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MSSG-22 truck drivers brave perilous terrain to keep 22d MEU (SOC) in the fight

Marine Corps News

Release Date: 5/28/2004

Story by Gunnery Sgt. Keith A. Milks

FORWARD OPERATING BASE RIPLEY, Afghanistan (May 28, 2004) -- Decades of war have left Afghanistan's civil infrastructure in shambles, and nowhere is this more evident than in the country's lack of roads and highways.

As the 22d Marine Expeditionary Unit (Special Operations Capable) pushes deeper into Afghanistan in its hunt for Taliban and anti-coalition militia, the Marines responsible for traversing these dangerous and unimproved roads are showing their true colors.

For more than three weeks, the truck drivers and mechanics from MSSG-22's Transportation Support Detachment (TSD) have been forging over Afghanistan's rough-hewn roads in their Humvees and seven-ton trucks keeping the MEU in the fight.

"Most of our GAC [ground assault convoy] missions have been resupply runs and driving Marines into and out of missions," said Lance Cpl. Kevin Prindable, of Granite City, Illinois, a motor transport operator (MTO) with MEU Service Support Group 22. "We're always on the move."

While the drivers remain poised and ready to support each of the MEU's major subordinate elements, the terrain is taking its toll on the vehicles themselves.

"The roads are real rough," said Lance Cpl. Timothy Culbertson, of Breman, Ohio, "and it's not only the roads, but the terrain. There are rocks everywhere and really sharp turns. It's hard on the trucks."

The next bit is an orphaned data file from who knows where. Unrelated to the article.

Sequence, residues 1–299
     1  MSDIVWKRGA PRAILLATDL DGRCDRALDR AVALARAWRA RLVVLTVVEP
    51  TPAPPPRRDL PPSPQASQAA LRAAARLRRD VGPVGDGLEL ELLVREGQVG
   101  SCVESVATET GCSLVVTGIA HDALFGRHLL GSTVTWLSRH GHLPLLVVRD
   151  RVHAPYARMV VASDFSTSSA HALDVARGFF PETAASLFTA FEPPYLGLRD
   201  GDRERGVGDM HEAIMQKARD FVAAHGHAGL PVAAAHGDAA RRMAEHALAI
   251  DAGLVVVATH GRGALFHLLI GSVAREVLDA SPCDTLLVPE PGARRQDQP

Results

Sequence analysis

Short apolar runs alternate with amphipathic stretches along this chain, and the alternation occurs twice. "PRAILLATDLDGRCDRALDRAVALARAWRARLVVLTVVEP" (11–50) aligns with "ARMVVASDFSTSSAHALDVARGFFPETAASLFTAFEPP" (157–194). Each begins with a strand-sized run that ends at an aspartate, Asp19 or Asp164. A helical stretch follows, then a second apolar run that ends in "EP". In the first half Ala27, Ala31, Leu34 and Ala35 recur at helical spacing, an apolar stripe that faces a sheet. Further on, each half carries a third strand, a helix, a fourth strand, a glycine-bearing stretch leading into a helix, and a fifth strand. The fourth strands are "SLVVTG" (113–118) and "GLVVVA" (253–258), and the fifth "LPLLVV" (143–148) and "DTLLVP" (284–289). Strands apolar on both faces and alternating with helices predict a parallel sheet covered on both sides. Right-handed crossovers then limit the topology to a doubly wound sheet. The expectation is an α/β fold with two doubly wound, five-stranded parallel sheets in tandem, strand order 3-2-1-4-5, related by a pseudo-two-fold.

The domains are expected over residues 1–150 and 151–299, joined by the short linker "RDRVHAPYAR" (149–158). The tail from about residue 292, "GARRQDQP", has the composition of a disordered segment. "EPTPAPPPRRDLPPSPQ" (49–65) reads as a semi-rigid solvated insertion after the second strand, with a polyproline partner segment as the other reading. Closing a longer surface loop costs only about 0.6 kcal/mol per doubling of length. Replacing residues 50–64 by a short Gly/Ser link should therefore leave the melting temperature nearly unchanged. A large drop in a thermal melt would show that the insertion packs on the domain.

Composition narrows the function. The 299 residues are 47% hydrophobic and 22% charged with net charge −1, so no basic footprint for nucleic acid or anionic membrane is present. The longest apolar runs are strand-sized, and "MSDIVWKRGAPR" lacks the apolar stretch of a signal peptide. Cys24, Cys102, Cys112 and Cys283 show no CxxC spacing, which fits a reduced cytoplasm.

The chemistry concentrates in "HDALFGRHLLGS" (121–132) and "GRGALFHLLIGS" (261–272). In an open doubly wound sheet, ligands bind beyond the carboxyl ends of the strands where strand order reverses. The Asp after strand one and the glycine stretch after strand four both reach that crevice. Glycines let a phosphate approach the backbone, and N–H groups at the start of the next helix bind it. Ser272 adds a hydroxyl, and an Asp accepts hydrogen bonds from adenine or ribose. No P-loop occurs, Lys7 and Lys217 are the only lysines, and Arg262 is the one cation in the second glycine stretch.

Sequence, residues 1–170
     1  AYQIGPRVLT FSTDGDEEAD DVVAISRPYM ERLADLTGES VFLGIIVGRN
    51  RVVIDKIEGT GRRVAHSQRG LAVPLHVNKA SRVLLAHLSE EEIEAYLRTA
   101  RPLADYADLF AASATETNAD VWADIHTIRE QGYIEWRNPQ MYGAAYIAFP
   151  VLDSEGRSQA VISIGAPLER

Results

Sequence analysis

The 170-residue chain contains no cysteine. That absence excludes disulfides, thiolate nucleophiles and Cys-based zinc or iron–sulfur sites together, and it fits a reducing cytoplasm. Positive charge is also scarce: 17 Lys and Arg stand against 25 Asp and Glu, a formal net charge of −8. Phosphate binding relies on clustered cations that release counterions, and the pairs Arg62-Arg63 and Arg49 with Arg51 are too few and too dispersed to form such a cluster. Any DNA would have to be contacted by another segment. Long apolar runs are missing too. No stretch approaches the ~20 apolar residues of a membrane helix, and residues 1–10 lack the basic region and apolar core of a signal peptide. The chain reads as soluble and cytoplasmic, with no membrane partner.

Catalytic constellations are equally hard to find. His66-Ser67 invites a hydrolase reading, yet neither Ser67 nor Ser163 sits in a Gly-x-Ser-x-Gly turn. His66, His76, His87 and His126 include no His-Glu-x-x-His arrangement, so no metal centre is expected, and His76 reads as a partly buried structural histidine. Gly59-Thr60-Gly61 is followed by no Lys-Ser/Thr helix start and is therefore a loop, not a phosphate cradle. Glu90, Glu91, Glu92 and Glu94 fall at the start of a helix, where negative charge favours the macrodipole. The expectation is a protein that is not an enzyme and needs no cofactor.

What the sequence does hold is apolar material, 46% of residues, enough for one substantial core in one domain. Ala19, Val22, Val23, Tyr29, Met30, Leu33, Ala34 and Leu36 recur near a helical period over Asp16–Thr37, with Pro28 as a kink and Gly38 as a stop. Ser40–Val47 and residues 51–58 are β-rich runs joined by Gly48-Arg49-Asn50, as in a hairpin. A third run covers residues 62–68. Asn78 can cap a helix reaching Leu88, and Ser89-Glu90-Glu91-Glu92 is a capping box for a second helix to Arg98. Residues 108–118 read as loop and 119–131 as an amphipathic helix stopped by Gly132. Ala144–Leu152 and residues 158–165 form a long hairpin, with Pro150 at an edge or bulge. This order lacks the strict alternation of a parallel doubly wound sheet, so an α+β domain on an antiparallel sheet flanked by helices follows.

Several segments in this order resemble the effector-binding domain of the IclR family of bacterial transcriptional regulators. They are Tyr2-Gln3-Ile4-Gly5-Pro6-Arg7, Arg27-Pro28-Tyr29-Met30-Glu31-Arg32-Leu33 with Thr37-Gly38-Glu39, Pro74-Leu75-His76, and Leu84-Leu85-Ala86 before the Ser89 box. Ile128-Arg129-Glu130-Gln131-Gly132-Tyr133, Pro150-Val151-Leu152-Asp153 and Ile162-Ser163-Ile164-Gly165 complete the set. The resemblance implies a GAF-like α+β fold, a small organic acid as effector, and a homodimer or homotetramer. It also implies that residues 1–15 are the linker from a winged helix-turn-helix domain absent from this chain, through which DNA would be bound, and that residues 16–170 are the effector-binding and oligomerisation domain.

"We're seeing a lot of flat tires and problems with seals, power steering, and shocks and springs," he continued, alluding to the problems associated with vehicles constantly bouncing over the rough terrain.

Despite these problems, MSSG-22's cadre of motor transport mechanics are keeping the vehicles rolling. Whether it's on the road or at one of the MEU's forward operating bases (FOBs), mechanical problems are constantly being met and conquered.

While the terrain has an affect on the vehicles, the most noticeable change is in the drivers themselves.

"We're getting better every day," said Lance Cpl. Gustavis Barfield, of Decatur, Georgia, another MSSG-22 MTO. "Some of the marginal drivers have turned outstanding and we're all seeing our skills improve."

"These are really nasty, jagged roads we're driving," Barfield continued. "We're learning to judge turns, decide which is the best ground to go over, and what our trucks can and can't do."

According to Prindable, who's nearing his three-year mark in the Marine Corps, navigating the difficult terrain is a team effort.

"There's always a gunner on top manning a .50 caliber or MK-19 machine gun. He's a driver too and usually has a better view of where we should go so he'll shout directions to the driver and guide from up top."

Shortly after the MEU began conducting combat operations in Afghanistan, a truck driven by an MSSG-22 Marine struck a carefully-hidden improvised explosive device (IED). The blast wounded the driver and two other Marines, and since then, the TSD drivers have grown even more vigilant traveling what some have dubbed 'IED Alley.'

"We're always on the look-out for IEDs and ambushes," said Prindable, "but we can't let that slow us down because we have a job to do."

While an infantryman charging into a firefight may capture far more headlines than a Marine behind the wheel of a seven-ton truck, the MEU's combat operations would ground to a sudden halt without the bravery and hard work of these young men and women.

"In my opinion they're the unsung heroes of this operation," said Maj. Michael R. Barrett, executive officer of MSSG-22.

In addition to MSSG-22, the 22d MEU (SOC) consists of its Command Element, Battalion Landing Team 1st Bn., 6th Marines, and Marine Medium Helicopter Squadron 266 (Reinforced). The MEU is in Afghanistan conducting combat and civil military operations as Task Force Linebacker.

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